Over 100 persons gathered outside City Cemetery’s Myra Wilson Chapel on the morning of Saturday December 15, 2018 for the first local participation in the Wreaths Across America project. Following a brief ceremony, these participants helped place over 500 live fir wreaths upon the gravestones of military veterans in both the City and adjoining Mel Haven cemeteries. The wreaths, manufactured by the Worchester Wreath Company in Maine, were delivered on Friday December 14 to organizers Jimmy and Dena Loyd. With the help of volunteers, they had already marked each veteran’s grave with a small orange flag to assist the correct placement of the wreaths. On Saturday, the weather co-operated too, making a beautiful day for the community activity.
Retired Staff Sergeant James C. Bounds assisted the Loyds in organizing the public part of the ceremony. Local Boy Scout Troop 69 responded for posting of the colors. Members of a Girl Scout troop and local uniformed veterans responded for the laying of wreaths representing the various branches of the military. Speaking and signing the Pledge of Allegiance was Jacie Prichard, and the National Anthem was sung by Jackson Meeks. ‘Taps” was played by bugler Nathan Braddy of the SSHS Marching Band. Following a moment of silence, Bounds thanked the veterans in attendance for their sacrifices in keeping us free. He reminded those present that “Remember, Honor and Teach” are important messages that parents, grandparents, teachers, neighbors and others can send to young ones. He shared a quote from President Ronald Reagan; “Freedom is never more than one generation away from extinction. We didn’t pass it on to our children in the bloodstream. It must be fought for, protected, and handed on for them to do the same, or one day we will spend our sunset years telling our children and our children’s children what it was once like in the United States where men were free.” Bounds also explained the meaning of the evergreen wreath as a symbol of unity and honor and reminded that the name of each veteran should be spoken at each gravesite during the ceremonial placing. He then dismissed the group to go into the cemeteries where wreaths were grouped at various stations.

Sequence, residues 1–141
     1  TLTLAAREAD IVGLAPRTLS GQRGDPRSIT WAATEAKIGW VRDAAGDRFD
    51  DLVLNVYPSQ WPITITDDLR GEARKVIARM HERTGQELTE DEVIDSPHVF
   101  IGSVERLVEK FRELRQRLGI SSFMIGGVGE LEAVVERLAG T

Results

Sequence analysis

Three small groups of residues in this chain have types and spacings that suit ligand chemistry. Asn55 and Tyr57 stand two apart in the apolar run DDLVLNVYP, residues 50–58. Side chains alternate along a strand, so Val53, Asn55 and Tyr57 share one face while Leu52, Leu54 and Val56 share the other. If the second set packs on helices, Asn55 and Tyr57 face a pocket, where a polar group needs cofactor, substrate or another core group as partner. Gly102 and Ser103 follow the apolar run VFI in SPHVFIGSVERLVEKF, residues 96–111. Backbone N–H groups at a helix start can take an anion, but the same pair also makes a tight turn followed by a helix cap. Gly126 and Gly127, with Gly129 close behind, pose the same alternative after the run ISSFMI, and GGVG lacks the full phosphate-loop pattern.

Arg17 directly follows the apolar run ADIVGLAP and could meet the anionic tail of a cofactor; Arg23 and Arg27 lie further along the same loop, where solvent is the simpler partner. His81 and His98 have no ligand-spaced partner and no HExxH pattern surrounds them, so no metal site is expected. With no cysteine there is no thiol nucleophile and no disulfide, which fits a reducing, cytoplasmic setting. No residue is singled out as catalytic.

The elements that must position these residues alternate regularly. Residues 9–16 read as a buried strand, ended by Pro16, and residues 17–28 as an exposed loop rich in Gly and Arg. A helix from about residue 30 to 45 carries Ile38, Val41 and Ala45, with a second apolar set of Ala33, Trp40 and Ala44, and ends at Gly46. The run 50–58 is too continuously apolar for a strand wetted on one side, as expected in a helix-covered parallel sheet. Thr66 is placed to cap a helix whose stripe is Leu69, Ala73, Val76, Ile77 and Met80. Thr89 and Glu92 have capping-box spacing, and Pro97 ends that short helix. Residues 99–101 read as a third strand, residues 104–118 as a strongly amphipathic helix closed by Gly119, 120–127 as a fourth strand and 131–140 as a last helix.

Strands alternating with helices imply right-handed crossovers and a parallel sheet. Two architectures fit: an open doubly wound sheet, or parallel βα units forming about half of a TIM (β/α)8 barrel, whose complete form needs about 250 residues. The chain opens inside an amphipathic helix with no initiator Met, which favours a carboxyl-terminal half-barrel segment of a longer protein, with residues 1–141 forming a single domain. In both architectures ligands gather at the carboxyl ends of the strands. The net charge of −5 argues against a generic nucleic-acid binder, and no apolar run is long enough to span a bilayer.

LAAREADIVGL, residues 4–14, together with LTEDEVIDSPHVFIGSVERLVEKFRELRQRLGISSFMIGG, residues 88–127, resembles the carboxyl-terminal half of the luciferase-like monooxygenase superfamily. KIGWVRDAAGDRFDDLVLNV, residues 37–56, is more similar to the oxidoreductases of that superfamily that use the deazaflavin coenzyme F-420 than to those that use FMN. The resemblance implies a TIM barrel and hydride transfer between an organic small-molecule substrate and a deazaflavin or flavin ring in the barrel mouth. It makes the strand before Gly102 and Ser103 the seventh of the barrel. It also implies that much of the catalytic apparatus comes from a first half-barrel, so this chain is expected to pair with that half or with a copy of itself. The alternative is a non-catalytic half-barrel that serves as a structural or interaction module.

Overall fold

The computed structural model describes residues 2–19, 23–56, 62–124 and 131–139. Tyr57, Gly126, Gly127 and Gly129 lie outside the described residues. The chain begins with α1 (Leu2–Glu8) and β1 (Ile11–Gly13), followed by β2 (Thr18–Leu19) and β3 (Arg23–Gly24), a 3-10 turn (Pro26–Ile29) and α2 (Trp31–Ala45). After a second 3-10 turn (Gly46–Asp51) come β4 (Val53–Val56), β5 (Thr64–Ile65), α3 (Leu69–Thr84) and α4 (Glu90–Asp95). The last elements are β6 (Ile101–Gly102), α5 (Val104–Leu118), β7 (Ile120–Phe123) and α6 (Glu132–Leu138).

The Wreaths Across America project began at Arlington National Cemetery in 1992, and has spread across the nation touching the lives of thousands of school, scout, civic and religious groups. Because of it, volunteers in towns and communities are moved to honor their fallen heroes on the designated day, December 15. According to the WAA website, “We understand we have Veterans Day in the fall and Memorial Day in the spring, but our service members sacrifice their time and safety every single day of the year to preserve our freedoms”. It’s mission is: REMEMBER our fallen U.S. veterans. HONOR those who serve. TEACH your children the value of freedom.
The Loyds laid their son, Staff Sergeant Chad Loyd, to rest in Sulphur Springs City Cemetery after he was killed in action in Iraq in 2006. Thus, they chose it for the first Hopkins County site for Wreaths Across America. Find out how you can sponsor a cemetery in 2019 on Facebook or at WreathsAcrossAmerica.com.